Sovereignty: God, State, Self
by Jean BethkeˆElshtain
Basic, 480 pages, $35
Jean Bethke Elshtain certainly succeeds in rescuing her subject from the academic specialists in international relations. She offers a wide-ranging, rapid-paced survey of the great books of the West as they bear on the imposing but still somewhat elusive term sovereignty. Rather than provide close readings of specific texts, Elshtain offers impressionistic summaries in broad strokes, but, even as she moves from medieval theology to early-modern statecraft to the psychic turmoil of the modern individual, she keeps the thread of a story with a moral. In the course of Western thought, as Elshtain sees it, "the logic of sovereignty," instead of being associated with "the fullness of reason and truth" as it was for most medieval thinkers, "came unbound and migrated, becoming attached more and more to notions of the self."
Elshtain's Sovereignty opens with three chapters that trace medieval debates about the right understanding of divine power and whether reason was a necessary part of God's creation. The final three chapters deal with trends in modern thought, and her account culminates with contemporary visions of genetic manipulation and the assertion of rights to clone perfect offspring and abort the imperfect. Such visions, Elshstain insists, should make us rethink our trajectory, right back to its premises in medieval debates about the right understanding of God's power and creation.
Readers will readily appreciate the force of her warnings against conceits such as the "sovereign self," cut off from any sense of obligation to family, community, or human limits. But it seems to me that Elshstain's metaphysical preoccupations slight the claims of political sovereignty. And I think it is worth rescuing these claims, since (as Elshtain acknowledges) they figure prominently in the thinking of the American founders and they are (though Elshtain does not acknowledge it) relevant to some of the most intense conflicts in today's world.
To start with, Elshstain's account rather loads the dice. When she discusses, say, Dietrich Bonhoeffer (who gets repeated attention in this book), she needs only to mention the Nazis to alert readers to the political stakes. But when she discusses, say, the antipapal arguments of Marsilius of Padua, she does not describe the sordid corruption of the Avignon popes, which inspired the anticlerical animus of Marsilius' abstract arguments.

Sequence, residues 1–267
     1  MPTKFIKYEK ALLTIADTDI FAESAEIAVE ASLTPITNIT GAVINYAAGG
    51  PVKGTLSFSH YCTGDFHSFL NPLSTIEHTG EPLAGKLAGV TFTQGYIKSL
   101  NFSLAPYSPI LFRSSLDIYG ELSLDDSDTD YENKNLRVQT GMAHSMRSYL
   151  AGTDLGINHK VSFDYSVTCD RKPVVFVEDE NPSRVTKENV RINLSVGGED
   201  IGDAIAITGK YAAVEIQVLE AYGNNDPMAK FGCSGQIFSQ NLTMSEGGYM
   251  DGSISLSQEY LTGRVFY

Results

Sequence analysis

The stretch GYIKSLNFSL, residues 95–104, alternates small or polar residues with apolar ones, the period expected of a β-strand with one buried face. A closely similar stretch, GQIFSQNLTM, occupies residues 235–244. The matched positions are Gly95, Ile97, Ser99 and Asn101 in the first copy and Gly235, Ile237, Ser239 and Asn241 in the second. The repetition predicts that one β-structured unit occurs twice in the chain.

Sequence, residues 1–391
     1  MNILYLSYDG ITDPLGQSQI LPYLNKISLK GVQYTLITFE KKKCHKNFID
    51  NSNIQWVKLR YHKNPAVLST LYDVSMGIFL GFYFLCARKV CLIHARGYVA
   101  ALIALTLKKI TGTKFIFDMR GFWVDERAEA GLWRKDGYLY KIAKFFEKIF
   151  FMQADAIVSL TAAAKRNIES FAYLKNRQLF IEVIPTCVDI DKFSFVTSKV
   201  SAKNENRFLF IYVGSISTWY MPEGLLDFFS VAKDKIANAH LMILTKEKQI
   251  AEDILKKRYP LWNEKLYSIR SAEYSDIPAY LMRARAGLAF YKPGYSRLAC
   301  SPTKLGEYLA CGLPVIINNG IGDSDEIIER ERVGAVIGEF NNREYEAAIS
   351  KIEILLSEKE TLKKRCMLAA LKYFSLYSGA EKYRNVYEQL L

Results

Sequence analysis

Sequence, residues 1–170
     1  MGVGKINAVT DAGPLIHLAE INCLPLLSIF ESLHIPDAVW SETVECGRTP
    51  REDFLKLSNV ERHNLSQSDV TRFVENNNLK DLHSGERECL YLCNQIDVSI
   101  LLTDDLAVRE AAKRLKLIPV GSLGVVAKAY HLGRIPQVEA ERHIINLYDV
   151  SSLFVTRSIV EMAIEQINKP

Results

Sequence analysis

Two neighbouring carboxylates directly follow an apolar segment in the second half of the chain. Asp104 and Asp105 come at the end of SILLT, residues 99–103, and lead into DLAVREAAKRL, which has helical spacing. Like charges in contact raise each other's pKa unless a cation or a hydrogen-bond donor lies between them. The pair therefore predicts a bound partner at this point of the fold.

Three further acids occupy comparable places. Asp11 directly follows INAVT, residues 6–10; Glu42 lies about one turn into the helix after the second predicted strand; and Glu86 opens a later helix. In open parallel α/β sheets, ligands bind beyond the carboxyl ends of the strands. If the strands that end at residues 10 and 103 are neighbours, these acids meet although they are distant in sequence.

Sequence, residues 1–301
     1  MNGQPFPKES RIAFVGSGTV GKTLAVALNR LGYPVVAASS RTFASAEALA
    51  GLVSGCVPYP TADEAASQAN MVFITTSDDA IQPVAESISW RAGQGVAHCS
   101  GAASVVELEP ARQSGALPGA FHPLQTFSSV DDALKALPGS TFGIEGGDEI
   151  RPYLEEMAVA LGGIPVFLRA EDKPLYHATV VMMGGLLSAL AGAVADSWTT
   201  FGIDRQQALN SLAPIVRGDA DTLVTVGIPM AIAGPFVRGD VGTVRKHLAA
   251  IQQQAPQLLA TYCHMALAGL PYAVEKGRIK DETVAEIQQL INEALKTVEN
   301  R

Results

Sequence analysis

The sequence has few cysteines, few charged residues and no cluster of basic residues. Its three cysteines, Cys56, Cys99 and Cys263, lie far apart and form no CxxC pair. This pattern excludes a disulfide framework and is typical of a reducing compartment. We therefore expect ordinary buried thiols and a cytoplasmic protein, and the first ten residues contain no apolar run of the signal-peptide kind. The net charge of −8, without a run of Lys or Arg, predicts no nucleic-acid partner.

Similarly, she talks about Shakespeare's history plays but does not talk about the Hundred Years War—battles that, as Shakespeare's Henry V obliquely acknowledges, even the participants did not imagine to be about anything more than the personal inheritance claims of particular feudal overlords. Elshstain dedicates this book to a teacher who "taught me to love the Middle Ages," but she does not reckon with how much that was extremely unlovely about medieval Europe stemmed from the absence of sovereignty.
In Elshtain's account, the great issue is whether law—or governing authority more generally—is rooted in reason and justice or merely in power and obedience. So she sets up a contrast between the exclusive power claims of modern territorial states and the "older notion of the unity of a Christian society, glued together by shared belief and culture and presided over universally by the papacy and a Holy Roman Emperor, as well as governed locally by . . . the various partial "sovereignties' of medieval Europe."
It is not likely that the most philosophic minds of medieval Europe saw the alternatives this way. Thomas Aquinas, for notable example, follows Aristotle in talking about the fundamental political unit as the city. Thomas rarely talks about the empire or the emperor of his day—a silence that is hard to read as an endorsement for this characteristic medieval effort to promote "shared belief and culture" into political authority.